Following the revival of Universal Studios’ Frankenstein, Dracula, The Mummy and the Wolfman, Hammer Studios, turned to Gaston Leroux’s Phantom Of the Opera, originally published in serial form between 1909 and 1910. For movie goers the story had become eternally famous following Lon Chaney’s iconic unveiling at the hand of Mary Philbin in the now classic silent film of 1925. In doing so it allowed Hammer and director Terence Fisher to bring back to movie screens another of Universal Studios beloved monsters from the golden era of Hollywood.
What do I know of the original story by Leroux? Absolutely nothing. Unless of course there’s been a thoroughly faithful adaptation of the story brought to the screen. Following the Chaney version the story lay dormant until Universal cast Claude Rains in the role for a technicolor redo in 1943. Unlike the studios other cash cows, the Phantom never spawned a long running series or made appearances in the monster fests that were to follow. Strangely enough he never ran into Abbott and Costello once they began to parody the studios stable of creatures.
Always looking for a reason to rewatch a “Hammer Horror” I’ve signed on to feature the Phantom in a blogathon celebration put forth by the Pure Entertainment Preservation Society that is meant to coincide with the 110th anniversary of the story’s original publishing date. I’m not about to make comparisons to the earlier films but rather will shine the spotlight on Hammer’s take and the efforts of Herbert Lom and company to provide the chills for the audiences of the 1960’s forward.
Before we get into the plot I have to say I love the opening credits as Fisher’s camera gets closer and closer to the Phantom’s one visible eye.
Just as the curtain is to go up on opening night at the London Opera House for the latest opera, Joan of Arc, the production seems cursed. A strange figure haunts the leading ladies dressing room, the poster is slashed and the conductor’s music sheets have been torn and are missing pages. Sabotage seems to be ruining opening night of the arrogant Michael Gough’s latest composition. It will all end spectacularly when the leading lady screams a crescendo as a corpse comes swinging down from the rafters, hanging by the neck in one of the theater’s stage ropes. Cue the curtain and the show is put on instant hiatus. With the leading lady refusing to appear a new singing voice must be discovered which will be the motivating factor in this latest rendition of the Phantom.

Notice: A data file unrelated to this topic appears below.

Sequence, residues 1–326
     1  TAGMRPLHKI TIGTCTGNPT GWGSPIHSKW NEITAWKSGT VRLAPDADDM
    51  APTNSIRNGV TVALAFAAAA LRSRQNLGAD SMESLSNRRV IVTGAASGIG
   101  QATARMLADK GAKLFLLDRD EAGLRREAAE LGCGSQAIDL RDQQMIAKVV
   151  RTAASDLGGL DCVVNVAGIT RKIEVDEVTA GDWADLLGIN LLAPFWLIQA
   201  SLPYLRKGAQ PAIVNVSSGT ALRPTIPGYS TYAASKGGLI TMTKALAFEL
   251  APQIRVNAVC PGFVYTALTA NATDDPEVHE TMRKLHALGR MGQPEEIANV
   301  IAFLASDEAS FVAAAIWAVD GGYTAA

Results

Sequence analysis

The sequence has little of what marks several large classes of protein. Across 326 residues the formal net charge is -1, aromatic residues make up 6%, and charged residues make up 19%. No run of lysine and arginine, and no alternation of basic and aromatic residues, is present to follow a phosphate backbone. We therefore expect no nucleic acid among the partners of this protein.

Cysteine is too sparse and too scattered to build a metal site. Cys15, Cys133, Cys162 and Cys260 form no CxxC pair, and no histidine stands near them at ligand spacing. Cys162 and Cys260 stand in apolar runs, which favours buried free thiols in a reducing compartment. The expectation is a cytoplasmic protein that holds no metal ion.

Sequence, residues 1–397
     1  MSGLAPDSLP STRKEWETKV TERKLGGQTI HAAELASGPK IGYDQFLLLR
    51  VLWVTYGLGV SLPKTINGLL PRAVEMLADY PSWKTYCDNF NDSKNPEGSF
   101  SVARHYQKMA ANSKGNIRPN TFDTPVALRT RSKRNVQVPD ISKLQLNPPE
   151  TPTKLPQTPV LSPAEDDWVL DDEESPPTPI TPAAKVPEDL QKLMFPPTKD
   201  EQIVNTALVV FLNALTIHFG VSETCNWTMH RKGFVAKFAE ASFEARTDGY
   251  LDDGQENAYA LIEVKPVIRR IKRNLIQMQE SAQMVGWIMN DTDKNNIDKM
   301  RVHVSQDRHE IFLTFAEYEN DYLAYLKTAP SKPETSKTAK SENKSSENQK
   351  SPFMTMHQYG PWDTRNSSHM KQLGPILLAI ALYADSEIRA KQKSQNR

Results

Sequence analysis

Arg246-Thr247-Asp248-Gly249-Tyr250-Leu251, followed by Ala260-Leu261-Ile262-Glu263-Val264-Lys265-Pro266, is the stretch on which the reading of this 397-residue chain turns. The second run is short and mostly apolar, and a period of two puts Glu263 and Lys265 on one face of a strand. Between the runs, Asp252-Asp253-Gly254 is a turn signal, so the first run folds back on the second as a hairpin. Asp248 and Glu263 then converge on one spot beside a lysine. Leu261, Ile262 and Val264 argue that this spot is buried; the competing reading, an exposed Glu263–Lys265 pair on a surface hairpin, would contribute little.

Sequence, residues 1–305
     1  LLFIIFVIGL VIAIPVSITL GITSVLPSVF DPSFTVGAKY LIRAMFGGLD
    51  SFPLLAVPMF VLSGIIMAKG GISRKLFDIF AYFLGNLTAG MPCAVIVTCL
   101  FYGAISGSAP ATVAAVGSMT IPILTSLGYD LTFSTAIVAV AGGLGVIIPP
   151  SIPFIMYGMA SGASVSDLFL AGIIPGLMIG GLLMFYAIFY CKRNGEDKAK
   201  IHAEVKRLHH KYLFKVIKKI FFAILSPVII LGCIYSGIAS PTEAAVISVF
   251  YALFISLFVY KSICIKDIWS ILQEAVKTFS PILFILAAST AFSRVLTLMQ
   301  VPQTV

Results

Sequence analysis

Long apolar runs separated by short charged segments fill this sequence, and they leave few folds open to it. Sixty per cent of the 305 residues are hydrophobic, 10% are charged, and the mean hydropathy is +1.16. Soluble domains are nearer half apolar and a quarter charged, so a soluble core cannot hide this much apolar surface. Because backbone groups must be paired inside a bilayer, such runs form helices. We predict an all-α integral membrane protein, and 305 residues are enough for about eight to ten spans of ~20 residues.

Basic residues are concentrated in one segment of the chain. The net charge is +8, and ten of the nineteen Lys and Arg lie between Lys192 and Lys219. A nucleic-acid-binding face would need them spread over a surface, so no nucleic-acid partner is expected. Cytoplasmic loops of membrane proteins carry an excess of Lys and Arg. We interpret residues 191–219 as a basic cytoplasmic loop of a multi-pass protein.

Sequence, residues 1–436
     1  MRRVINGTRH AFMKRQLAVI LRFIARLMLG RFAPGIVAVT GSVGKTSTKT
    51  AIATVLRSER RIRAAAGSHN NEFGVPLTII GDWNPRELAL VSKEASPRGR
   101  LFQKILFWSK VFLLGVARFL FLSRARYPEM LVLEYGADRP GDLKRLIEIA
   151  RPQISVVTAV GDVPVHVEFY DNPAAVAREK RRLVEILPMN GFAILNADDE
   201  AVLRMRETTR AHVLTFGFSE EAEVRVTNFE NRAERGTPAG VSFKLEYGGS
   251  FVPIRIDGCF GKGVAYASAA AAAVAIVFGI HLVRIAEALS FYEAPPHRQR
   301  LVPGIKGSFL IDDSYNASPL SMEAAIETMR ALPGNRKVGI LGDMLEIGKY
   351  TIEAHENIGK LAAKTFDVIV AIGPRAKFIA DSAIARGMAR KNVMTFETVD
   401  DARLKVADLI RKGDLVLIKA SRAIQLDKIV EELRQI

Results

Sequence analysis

Into the story comes the girl next door songstress who dreams of taking the lead as Joan of Arc, Heather Sears. She possesses a magnificent singing voice and the producer Edward de Souza is convinced he’s found his newest leading lady. The pompous Gough might be in agreement provided she’s willing to let him give her some private singing lessons. Yes the casting couch is rearing it’s ugly head and if there was ever a character you want to hate then look no further than Gough’s.
“You’re a delicious little thing.”
I’m actually having to restrain myself here from telling you how I really feel about Gough’s characterization. He’s that despicable and I guess we should give the actor himself some props. He’s so convincing that I have to question what he was really like when the cameras stopped rolling. Unfair I know but I really want this guy to suffer a cruel death at the hands of the Phantom.
“I am going to teach you to sing Christine.”
Let’s not forget this is a movie about the Phantom and when De Souza as our leading man and romantic interest for Miss Sears takes it upon himself to dig into the mysteries of the Opera House he will be led to the story of one Professor Petrie. It’s in a flashback sequence that we will learn of Lom’s apparent death and subsequent life as the Phantom. As De Souza suspects, it’s Gough who has stolen Lom’s music and opera for himself. Have I mentioned how much I despise Gough’s Lord Ambrose D’Arcy? The details of the gentle Lom’s backdrop will allow him to subsequently come off as a sympathetic character as opposed to an outright villain behind the mask. Even as he borders on the edge of sanity he’s to be pitied, not feared.